He went on to say that he never questioned the young lady’s motives, that they simply had different views of the same event. This was certainly a statement of guilt recognition. It even seemed to come from a broken and contrite heart, not typical of Bryant, but it left many unconvinced of his innocence. Even so, months later Kobe had every one of his sponsors back on board as he continued to progress in what was already a very successful NBA career filled with praise and accolades. There’s something oddly charming about the ‘grace’ that the NBA, the media, the fans, his teammates offered Kobe, that is, until you realize it is false, wholly contingent on Kobe’s ability to pay them back through the exploitation of his talent. Again, this was not grace at all.

This week at ESPN, shots were fired. After recognizing Kobe as the 40th best player in the league, a deliberate but legitimate ranking delivered to a player who has consistently been in the top 10, journalist Henry Abbot published an knock-out article simply entitled “Kobe”. In the article, Abbot pastes dozens of quotes from former teammates, NBA agents, NBA front office executives, and journalists that are all about letting the world know just how awful Kobe Bryant really is.

“The Problem is, he’s just not as good as he thinks he is,” says one source in the Lakers’ inner circle

“Kobe has cost the Lakers dearly in human capital. Kobe has hurt a lot of people. In some cases jeopardized careers,” says a front office executive from a rival team…

“I’ve had a lot of clients in the last five years, good players, who didn’t want to play with Kobe,” says an agent who has had numerous NBA stars.

While all of Abbot’s quotes seem to conveniently turn a blind eye towards the six world titles and 15 playoff berths in 17 years that Bryant has given the franchise, I do not doubt that these charges are correct. That, however, does not lessen the shock value. The Lakers superstar has been a worldwide luminary icon in the NBA for the better part of the past two decades, and now he is but a few injuries and a few more air balls away from being the washed-up has-been, who wont stop hogging the spotlight from Hollywood’s next savior. The grace offered by sports wold has a shelf life, and it spans about as as long as personal athletic ability does.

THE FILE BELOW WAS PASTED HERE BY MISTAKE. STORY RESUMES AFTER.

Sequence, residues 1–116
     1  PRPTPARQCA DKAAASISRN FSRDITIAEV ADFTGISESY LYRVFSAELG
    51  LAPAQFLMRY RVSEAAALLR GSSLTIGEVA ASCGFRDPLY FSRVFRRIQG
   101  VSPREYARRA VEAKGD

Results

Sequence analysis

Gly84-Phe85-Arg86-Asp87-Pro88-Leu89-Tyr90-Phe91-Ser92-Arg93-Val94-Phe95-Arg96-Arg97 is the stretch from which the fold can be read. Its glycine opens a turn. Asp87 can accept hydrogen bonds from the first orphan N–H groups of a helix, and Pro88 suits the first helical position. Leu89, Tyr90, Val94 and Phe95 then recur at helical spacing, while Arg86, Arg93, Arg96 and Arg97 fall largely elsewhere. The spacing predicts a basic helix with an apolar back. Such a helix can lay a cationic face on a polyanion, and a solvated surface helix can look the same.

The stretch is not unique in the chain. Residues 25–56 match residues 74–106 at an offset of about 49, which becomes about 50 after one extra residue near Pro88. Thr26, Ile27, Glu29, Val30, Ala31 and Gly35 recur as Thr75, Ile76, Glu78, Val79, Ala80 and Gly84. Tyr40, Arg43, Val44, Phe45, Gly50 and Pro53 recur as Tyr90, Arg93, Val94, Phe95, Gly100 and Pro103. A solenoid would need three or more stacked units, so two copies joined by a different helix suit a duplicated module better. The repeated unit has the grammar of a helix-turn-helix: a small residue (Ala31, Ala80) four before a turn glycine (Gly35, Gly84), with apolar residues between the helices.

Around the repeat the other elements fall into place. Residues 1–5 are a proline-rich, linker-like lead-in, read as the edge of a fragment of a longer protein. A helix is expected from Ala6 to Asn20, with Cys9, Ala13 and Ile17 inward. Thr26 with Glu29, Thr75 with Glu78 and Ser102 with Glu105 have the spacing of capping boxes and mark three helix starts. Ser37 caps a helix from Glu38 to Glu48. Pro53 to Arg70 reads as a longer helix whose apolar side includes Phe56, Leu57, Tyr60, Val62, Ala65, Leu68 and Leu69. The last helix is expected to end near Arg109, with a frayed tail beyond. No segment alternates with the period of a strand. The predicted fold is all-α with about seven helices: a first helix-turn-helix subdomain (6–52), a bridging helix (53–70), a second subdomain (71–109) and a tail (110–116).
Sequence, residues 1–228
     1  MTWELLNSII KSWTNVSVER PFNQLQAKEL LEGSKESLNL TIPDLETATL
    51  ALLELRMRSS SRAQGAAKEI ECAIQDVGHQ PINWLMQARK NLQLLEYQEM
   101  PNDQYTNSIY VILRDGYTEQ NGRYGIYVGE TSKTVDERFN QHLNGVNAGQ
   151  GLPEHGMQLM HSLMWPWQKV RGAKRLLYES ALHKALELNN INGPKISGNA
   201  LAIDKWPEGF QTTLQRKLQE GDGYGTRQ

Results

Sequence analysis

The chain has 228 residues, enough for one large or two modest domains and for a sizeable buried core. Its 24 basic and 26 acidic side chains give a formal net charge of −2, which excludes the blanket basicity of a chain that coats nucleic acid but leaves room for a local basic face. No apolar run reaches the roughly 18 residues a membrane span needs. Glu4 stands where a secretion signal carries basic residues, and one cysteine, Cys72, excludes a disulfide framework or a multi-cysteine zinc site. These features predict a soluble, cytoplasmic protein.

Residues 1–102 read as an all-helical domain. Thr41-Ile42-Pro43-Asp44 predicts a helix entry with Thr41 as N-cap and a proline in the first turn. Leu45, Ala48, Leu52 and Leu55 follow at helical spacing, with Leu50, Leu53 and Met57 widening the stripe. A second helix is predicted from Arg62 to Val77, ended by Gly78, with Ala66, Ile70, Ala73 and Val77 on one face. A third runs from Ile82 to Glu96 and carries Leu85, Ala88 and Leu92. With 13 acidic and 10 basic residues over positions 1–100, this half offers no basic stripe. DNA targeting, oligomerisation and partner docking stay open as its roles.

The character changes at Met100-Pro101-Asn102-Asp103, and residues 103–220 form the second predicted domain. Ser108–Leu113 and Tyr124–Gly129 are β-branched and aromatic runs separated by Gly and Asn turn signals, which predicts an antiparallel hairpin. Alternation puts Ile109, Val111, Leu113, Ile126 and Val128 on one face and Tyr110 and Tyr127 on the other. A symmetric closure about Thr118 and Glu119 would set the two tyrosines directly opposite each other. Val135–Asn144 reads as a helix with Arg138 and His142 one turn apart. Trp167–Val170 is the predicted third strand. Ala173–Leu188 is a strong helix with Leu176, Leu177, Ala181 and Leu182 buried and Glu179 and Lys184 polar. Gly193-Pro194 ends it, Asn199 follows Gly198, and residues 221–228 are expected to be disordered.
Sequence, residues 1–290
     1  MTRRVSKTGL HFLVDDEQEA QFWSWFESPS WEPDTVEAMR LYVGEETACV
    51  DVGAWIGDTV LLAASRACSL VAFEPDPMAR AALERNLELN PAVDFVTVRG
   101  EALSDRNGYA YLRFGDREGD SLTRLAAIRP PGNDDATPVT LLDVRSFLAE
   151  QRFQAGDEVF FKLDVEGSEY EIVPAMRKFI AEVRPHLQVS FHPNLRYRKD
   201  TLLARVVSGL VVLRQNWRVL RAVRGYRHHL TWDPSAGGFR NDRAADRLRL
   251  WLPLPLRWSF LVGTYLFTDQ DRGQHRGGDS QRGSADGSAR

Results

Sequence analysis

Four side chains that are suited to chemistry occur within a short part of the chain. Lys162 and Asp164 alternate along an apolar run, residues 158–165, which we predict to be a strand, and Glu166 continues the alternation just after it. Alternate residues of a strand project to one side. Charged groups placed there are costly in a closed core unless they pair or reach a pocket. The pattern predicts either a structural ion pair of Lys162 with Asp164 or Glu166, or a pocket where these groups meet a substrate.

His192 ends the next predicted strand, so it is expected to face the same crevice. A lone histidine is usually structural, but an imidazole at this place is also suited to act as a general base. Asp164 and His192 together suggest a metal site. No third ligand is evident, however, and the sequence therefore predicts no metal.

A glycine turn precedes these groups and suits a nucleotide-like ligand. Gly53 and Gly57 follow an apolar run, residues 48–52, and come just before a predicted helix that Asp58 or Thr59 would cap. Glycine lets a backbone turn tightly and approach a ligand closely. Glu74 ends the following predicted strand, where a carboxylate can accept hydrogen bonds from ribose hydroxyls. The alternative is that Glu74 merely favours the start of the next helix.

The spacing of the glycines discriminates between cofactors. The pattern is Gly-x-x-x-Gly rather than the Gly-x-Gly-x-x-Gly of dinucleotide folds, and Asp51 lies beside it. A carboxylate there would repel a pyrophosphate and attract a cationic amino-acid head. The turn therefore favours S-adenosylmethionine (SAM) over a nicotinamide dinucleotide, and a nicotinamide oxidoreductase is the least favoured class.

In Matthew 15 a Canaanite Woman approaches Jesus and begs that he heals her daughter who she claims is demon-possessed. “Lord, Son of David, have Mercy on me!” she cries. We read that Jesus doesn’t even answer her. His disciples tell him to send this annoying lady away, “she keeps crying out after us,” they complain. Then, He answers her, “I was sent only to the lost sheep of Israel… It is not right to take the children’s bread and toss it to the dogs.” “Yes it is, Lord,” she continues, “Even the dogs eat the crumbs that fall from their master’s table.” I like to imagine Jesus cracking open a big cheeky grin as he tells her, “Woman, you have great faith, your request is granted.”

We may earn, from time to time, a temporary ‘grace’ from others; we may be gifted a layaway forgiveness from society, but as Kobe’s journey attests, it is a salvation that is trampled by the public as soon as our ability to uphold our emancipation has run out of steam. These are the moments when we find ourselves in the company of the Canannite woman, surprised by the announcement that while we are but dogs, searching for crumbs, we have been thrown the juiciest steak we’ve ever bitten into. Similar to how the basketball world continued to love Kobe in spite of his faults at the height of his career, the good news of God’s Grace is that we are loved unconditionally, in spite of who we are. And yet, His love does not fade when our darkness expands. It only shines brighter.